It has long been the rule, under Pennsylvania law, that an insurer’s duty to defend is determined “solely” by the allegations in the “four corners” of the complaint against the insured. Kvaerner Metals Div. of Kvaerner U.S., Inc. v. Commercial Union Ins. Co., 908 A.2d 888, 896 (Pa. 2006). A corollary of that rule — equally well-established — is that courts “do not consider extrinsic evidence,” such as other pleadings and evidence exchanged in discovery, in determining the duty to defend. Sapa Extrusions, Inc. v. Liberty Mut. Ins. Co., 939 F.3d 243, 251-52 (3d Cir. 2019). Earlier this week, the U.S. District Court for the Middle District of Pennsylvania became the latest court to enforce those rules, when it rejected an insurer’s attempt to use the insured’s admission in a pleading to deny coverage and withdraw its defense of the insured in an underlying tort action. MMG Ins. Co. v. Giuro, Inc., No. 1:19-cv-0754, 2020 U.S. Dist. LEXIS 1716, at *1-2 (M.D. Pa. Jan. 6, 2020).
In Giuro, the insured was sued in Pennsylvania state court by an individual for damages because of bodily injury allegedly sustained in a car accident. The plaintiff alleged that the insured’s delivery driver caused the car accident and, at the time of the accident, was driving a “personal vehicle as a substitute for a vehicle covered” by the insured’s commercial auto policy. The insurer in Giuro sued the insured for a declaration that it did not owe a duty to defend or indemnify the insured for the damages alleged in the underlying tort action. In its answer to the insurer’s declaratory judgment complaint, the insured admitted that the insured’s delivery driver “was not driving a vehicle covered by [the insured’s] commercial automobile insurance policy at the time of the accident,” and that the underlying plaintiff’s allegation about the substitute vehicle was “false.” In response, the insurer filed a motion for judgment on the pleadings, arguing that the insured’s “admission in this concurrent federal action relieved [the insurer] of its obligation to defend or indemnify [the insured] under the terms of [the insured’s] insurance policy.” The federal district court rejected that argument, denied the insurer’s motion, and denied the insurer’s motion for reconsideration — the subject of the Giuro decision.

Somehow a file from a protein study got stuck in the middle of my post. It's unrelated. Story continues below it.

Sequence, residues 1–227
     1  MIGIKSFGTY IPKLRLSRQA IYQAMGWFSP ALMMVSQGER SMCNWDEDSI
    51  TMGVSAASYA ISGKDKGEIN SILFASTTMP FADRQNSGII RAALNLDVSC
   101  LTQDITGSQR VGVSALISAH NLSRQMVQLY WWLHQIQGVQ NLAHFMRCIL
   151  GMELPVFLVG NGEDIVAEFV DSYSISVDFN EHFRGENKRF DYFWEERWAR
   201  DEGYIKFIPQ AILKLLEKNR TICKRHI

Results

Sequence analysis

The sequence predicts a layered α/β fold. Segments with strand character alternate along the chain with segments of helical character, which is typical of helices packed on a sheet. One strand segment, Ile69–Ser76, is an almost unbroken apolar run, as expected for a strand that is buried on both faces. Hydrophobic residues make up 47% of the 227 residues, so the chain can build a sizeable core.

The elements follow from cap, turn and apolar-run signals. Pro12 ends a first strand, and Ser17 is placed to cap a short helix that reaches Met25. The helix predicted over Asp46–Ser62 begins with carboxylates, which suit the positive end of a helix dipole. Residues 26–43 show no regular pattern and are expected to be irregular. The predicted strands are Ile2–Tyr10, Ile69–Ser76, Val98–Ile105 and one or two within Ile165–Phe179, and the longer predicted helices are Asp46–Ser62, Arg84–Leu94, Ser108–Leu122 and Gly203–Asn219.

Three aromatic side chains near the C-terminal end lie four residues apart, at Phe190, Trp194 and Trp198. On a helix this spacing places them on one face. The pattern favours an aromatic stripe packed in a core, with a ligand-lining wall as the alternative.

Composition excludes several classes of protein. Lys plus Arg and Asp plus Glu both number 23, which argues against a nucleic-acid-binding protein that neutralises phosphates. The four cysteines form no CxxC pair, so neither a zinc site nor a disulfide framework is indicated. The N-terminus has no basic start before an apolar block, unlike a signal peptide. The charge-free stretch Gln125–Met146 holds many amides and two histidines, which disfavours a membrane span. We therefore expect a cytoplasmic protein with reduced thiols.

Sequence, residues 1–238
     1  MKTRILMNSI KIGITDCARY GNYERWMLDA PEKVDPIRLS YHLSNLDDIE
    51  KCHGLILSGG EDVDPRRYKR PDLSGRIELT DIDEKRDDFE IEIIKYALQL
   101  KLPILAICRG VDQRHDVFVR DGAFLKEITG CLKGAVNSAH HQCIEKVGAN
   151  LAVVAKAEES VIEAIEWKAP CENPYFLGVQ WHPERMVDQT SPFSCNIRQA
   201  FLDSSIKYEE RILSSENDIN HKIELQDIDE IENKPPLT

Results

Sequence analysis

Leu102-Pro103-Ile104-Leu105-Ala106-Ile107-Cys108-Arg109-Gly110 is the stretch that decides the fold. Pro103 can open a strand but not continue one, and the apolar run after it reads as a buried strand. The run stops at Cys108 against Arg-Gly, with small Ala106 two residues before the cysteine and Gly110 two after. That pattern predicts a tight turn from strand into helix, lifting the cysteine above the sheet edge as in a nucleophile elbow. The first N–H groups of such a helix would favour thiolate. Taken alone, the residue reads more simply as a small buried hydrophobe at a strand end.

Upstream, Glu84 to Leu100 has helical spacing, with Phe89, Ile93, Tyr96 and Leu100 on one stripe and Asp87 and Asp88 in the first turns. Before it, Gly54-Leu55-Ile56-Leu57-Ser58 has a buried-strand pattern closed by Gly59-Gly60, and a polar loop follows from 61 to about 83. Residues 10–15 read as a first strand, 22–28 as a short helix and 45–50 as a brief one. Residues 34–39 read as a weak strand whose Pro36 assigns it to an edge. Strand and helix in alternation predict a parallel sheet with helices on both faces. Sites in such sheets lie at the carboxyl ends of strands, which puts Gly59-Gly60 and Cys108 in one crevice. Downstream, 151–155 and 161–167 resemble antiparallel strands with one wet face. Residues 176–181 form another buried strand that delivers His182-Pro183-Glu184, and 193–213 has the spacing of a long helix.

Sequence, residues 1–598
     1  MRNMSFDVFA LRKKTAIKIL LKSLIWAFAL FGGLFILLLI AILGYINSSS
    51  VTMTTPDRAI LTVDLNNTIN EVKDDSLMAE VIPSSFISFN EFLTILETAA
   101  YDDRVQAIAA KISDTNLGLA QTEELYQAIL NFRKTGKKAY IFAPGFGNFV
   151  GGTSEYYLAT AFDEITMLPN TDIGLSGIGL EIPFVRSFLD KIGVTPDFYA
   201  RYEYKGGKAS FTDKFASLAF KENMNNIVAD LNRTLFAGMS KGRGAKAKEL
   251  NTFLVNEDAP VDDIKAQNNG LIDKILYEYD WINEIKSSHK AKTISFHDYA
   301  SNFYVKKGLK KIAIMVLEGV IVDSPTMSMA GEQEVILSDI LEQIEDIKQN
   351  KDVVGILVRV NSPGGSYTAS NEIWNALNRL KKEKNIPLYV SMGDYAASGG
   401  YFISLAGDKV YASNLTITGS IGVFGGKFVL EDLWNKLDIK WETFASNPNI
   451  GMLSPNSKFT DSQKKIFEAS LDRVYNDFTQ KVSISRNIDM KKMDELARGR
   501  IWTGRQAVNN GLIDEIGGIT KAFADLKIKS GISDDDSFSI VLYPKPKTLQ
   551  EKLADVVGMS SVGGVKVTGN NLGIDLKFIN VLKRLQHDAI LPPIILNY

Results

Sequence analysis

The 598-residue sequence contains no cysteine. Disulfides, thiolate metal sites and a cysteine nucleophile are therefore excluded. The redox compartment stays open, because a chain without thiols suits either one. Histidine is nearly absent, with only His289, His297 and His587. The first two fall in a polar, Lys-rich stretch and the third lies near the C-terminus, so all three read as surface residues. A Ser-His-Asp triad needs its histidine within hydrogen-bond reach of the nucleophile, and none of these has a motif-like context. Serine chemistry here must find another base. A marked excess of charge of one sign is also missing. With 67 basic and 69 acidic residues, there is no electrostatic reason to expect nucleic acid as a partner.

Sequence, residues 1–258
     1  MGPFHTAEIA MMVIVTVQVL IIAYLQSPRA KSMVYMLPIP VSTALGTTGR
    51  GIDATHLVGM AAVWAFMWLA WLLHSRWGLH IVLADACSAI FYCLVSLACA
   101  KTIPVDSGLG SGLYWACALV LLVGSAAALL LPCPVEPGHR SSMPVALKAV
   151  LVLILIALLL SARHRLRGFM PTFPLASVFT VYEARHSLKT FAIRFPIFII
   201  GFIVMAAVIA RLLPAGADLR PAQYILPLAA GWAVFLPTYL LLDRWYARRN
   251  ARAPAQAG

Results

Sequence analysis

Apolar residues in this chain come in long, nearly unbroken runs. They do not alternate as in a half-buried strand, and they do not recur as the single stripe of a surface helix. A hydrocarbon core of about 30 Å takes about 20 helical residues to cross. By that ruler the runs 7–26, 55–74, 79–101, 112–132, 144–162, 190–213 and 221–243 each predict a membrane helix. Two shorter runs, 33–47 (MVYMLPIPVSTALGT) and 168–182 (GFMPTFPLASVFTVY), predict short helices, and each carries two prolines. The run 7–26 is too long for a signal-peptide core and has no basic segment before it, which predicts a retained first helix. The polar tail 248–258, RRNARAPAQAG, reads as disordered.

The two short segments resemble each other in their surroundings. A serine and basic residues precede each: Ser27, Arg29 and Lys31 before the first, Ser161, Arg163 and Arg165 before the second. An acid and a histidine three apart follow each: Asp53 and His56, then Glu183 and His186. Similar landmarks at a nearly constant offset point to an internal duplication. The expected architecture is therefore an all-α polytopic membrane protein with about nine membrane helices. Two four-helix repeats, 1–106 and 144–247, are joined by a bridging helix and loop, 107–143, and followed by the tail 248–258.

Citing Kvaerner, Sapa, and other Pennsylvania cases, the district court in Giuro observed that “[b]oth Pennsylvania courts and the Third Circuit have been abundantly clear that, under Pennsylvania law, ‘[w]e do not consider extrinsic evidence’ when determining whether ‘a claim against an insured is potentially covered’ for purposes of determining whether an insurer has a duty to defend.” The district court also observed a related rule, that “the duty to defend is not limited to meritorious actions; it even extends to actions that are ‘groundless, false, or fraudulent’ as long as there exists the possibility that the allegations implicate coverage.” Thus, notwithstanding the insured’s admission about the uncovered-vehicle driven at the time of the accident, the district court concluded: “we are constrained by the verbiage of the state-court victim-complainant’s averments and cannot find — absent further fact-finding before the proper fact-finder — that [the insurer] has no duty to indemnify [the insured] and, therefore, no ongoing duty to defend.”
Accordingly, the district court denied the insurer’s motion for reconsideration, but offered one last “sympathetic” observation for the parties: “[W]e are tasked with either enforcing Pennsylvania’s four-corners rule as we understand it or carving out an exception which would, in effect, gut the rule entirely. Absent further guidance, we refuse to do the latter. Such an exception, while perhaps logical and more equitable as applied to the case at bar, would also fly in the fact of the aforecited precedent. It is thus not for this Court to make that leap.”